The kitchen in a village house is at its centre since this is where storage and cooking go hand in hand. Families rise early, with women beginning the day's tasks with the milking of cattle. Many families maintain dairies, and carry the milk to urban areas for selling. Peasants who work on their farms leave for work after a glass of piping hot tea, carrying their spartan lunch with them. It is in the evenings that families tend to get together to dine. Generally, the male members eat first, the women next. In winter, people dine in the kitchen itself, sitting in front of the hearth. At home, the women would confine themselves to the kitchen where rows of shining brass and copper vessels and platters are lined up on shelves against the wall. The cow-dung and wood are used as the fuel in the cooking stove, set on the floor. Over this stove, the earthen pots are placed for cooking. Most of the meals are vegetarian. The principal meal of the family consists of dinner, where freshly baked bread and porridge is served with a yoghurt curry called karhi, dried beans and fresh vegetables. For most of the families, the breakfast consist of a full glass of hot tea and bread, and lunch consists of an unleavened bread eaten with a spicy chutney of chillies and garlic. Non vegetarian dishes are restricted to only special occasions and festivals.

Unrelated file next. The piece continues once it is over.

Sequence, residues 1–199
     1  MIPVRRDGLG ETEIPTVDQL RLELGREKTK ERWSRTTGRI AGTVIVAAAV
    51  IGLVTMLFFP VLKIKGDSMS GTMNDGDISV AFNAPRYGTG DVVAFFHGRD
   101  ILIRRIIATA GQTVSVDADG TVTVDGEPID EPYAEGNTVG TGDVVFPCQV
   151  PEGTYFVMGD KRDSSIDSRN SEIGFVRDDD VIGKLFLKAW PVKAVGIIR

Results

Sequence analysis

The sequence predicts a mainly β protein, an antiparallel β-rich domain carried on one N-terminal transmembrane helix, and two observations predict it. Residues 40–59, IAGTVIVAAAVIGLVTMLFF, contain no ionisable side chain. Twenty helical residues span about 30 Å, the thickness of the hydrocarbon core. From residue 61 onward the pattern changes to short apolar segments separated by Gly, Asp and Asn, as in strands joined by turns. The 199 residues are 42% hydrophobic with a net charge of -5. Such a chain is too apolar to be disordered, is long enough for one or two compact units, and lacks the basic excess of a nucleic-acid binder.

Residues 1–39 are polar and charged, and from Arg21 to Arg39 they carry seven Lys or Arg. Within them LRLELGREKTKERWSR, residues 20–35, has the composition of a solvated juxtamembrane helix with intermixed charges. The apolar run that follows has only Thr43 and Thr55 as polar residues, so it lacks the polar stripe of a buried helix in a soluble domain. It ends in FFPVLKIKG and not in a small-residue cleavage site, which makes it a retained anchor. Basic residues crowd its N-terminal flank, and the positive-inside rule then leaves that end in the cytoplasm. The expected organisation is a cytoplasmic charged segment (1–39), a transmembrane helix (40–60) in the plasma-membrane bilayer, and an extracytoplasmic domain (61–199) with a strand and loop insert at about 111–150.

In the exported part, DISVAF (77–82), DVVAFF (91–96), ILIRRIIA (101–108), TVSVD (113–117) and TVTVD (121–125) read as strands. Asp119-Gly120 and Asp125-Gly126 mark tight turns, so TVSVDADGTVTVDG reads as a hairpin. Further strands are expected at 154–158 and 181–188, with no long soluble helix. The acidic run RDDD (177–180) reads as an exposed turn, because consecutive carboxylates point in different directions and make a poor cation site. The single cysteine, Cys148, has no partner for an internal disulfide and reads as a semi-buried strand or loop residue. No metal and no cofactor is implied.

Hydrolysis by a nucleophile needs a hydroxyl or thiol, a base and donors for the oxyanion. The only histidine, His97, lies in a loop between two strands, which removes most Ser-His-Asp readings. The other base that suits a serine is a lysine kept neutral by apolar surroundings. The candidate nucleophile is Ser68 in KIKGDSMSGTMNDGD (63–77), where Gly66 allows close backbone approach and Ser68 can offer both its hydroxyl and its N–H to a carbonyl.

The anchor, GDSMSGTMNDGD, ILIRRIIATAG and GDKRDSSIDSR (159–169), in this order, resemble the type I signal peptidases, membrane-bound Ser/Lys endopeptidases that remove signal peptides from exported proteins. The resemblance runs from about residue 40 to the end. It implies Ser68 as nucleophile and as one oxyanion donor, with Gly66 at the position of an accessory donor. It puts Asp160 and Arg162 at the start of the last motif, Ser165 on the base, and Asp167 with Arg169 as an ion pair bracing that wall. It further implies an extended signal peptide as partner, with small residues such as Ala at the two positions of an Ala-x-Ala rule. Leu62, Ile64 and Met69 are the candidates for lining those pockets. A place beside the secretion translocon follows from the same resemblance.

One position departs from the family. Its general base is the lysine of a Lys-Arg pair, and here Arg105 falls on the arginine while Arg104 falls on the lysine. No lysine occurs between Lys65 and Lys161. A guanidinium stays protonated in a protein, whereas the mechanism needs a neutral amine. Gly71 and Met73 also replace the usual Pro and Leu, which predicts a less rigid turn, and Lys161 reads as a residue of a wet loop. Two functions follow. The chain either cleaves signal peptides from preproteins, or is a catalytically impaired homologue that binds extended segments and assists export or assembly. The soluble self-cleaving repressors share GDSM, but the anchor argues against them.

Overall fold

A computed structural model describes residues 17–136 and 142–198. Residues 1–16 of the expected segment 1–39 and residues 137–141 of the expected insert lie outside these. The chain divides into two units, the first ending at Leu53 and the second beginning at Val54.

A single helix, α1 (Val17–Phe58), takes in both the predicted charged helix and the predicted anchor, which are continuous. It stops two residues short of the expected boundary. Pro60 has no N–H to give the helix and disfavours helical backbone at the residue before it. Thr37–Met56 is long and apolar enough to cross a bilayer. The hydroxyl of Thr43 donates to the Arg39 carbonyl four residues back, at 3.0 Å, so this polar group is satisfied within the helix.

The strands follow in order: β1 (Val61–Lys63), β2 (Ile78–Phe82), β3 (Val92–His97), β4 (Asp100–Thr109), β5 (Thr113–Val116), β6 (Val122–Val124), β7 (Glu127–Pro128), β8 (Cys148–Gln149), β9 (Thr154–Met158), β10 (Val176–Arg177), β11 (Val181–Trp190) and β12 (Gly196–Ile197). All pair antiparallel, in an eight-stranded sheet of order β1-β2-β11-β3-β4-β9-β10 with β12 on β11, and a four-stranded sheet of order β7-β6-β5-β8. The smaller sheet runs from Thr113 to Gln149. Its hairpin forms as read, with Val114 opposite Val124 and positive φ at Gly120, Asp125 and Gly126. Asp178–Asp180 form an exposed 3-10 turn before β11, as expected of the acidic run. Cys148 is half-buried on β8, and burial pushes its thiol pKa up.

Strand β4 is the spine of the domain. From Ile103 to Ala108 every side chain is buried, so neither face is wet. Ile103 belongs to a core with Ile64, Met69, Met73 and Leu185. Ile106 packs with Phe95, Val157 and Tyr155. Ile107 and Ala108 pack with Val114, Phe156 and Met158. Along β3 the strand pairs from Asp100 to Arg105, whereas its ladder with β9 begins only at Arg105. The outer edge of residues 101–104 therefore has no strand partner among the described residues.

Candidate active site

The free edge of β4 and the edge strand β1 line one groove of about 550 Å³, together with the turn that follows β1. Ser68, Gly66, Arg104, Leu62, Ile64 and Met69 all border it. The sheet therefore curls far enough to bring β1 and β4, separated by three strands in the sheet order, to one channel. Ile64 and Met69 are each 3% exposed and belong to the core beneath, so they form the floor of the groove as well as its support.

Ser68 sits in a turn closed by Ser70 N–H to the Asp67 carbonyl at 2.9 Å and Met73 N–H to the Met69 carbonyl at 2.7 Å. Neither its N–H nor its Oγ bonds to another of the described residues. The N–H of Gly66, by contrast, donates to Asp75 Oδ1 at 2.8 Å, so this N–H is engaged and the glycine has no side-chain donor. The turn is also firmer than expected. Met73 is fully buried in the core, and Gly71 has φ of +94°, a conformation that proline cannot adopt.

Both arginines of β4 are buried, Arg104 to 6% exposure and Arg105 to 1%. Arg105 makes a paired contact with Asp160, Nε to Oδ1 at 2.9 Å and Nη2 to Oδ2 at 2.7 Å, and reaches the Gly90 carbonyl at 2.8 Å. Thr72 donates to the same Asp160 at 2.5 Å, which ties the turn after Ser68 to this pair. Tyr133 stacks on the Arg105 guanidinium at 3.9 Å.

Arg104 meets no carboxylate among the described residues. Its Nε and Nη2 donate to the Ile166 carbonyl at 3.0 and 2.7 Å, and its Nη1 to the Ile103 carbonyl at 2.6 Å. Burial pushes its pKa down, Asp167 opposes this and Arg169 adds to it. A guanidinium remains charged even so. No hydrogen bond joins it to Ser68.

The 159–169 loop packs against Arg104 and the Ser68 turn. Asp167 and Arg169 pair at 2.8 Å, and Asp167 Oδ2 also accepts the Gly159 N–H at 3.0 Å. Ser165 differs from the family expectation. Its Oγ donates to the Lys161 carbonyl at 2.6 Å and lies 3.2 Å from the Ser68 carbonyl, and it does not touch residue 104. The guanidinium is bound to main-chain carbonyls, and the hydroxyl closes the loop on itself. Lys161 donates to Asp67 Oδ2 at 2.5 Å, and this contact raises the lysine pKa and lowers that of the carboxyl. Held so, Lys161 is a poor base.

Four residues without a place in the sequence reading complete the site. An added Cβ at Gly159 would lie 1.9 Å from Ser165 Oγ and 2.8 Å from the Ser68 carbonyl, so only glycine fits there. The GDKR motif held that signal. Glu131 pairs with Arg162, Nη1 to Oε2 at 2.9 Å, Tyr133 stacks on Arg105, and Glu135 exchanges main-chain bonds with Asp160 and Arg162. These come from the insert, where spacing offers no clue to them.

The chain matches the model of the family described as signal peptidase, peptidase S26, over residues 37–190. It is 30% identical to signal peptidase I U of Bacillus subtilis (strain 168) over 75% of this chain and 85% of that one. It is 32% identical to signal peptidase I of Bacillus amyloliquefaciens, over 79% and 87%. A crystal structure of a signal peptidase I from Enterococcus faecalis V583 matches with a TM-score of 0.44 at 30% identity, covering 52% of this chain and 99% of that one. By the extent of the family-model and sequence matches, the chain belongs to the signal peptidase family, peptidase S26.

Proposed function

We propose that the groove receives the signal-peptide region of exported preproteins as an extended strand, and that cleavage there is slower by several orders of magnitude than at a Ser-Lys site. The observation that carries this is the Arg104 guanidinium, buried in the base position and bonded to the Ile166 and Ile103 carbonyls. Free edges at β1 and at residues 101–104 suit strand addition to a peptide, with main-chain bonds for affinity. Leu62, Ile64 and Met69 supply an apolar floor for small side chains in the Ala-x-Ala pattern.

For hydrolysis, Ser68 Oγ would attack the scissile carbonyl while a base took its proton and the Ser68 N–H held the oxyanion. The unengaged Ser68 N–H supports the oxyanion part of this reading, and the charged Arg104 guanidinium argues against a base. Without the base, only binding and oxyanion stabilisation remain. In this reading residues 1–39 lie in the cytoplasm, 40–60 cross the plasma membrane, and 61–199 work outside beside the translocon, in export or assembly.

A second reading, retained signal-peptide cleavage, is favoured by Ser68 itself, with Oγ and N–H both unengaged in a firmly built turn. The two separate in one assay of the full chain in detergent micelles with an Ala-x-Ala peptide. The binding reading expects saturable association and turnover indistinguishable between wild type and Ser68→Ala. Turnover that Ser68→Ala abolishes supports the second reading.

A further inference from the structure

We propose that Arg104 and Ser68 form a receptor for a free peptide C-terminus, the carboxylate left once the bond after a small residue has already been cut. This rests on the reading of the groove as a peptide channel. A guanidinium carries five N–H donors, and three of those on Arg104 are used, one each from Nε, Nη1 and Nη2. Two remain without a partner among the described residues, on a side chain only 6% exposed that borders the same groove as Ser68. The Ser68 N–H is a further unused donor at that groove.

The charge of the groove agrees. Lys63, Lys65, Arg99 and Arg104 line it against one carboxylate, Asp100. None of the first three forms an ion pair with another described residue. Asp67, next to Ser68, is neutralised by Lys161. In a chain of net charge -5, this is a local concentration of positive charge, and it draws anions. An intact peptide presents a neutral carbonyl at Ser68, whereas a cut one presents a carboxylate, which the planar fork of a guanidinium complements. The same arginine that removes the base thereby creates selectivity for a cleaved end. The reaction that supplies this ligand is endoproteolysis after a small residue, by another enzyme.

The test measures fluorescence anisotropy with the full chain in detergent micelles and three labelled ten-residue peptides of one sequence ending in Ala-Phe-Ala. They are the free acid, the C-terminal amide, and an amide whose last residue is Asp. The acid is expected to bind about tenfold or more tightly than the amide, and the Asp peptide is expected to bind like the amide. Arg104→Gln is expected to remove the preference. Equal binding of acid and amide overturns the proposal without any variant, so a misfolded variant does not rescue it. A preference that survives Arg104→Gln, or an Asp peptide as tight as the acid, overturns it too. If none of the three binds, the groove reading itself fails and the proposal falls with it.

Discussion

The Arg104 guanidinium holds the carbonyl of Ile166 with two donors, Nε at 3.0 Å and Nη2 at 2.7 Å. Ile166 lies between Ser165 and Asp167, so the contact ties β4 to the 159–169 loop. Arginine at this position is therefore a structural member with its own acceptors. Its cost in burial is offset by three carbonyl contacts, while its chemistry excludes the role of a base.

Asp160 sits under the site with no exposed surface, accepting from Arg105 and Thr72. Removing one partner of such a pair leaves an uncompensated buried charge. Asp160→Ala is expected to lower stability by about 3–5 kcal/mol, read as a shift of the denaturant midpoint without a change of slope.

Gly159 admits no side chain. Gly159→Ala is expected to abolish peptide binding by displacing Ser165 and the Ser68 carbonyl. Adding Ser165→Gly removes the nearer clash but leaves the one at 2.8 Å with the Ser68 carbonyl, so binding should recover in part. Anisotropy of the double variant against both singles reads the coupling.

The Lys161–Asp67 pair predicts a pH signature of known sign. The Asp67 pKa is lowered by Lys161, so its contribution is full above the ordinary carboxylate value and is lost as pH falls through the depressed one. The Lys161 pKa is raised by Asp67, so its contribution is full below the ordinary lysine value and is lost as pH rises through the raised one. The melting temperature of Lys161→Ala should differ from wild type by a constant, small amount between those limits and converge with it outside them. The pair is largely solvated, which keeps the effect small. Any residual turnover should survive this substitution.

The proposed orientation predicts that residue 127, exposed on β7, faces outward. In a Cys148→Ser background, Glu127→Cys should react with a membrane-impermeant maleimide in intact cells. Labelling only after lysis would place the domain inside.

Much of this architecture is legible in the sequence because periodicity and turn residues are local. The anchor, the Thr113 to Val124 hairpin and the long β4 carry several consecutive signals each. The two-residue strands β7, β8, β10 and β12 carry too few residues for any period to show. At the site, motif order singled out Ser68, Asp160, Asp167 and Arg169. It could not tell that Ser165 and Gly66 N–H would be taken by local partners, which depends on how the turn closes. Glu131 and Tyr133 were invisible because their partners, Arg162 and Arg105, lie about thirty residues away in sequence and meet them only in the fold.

Each village is a multi-community settlement and here the various castes create a structure of dependence based on the nature of their work. The Rajputs resides at the head of the village settlement. The village life revolved around the Rajputs. The Rajputs served their kings, joined their armies, and raised their cavalries. Often, they employed labour to work on their extensive fields, and kept cattle for dairy produce. In fact, the cattle density in Rajasthan is very high and milk from desert settlements is supplied to the large cities close to the state, including Delhi. The Rajputs also employed bards and ministers who sang their praises in verse and song; the tradesmen who supplied them, and the others in the community, with the goods required for their daily lives and there were potters, carpenters, ornament makers, cloth dyers and printers as well. The priests of the Brahmin families cast horoscopes, performed the elaborate rituals of their festive ceremonies, and served at the temples. The Pathwari looked after those setting out on journeys and pilgrimages. And there were various folk heroes and gods who provide immunity from everything from snake bites to cattle diseases.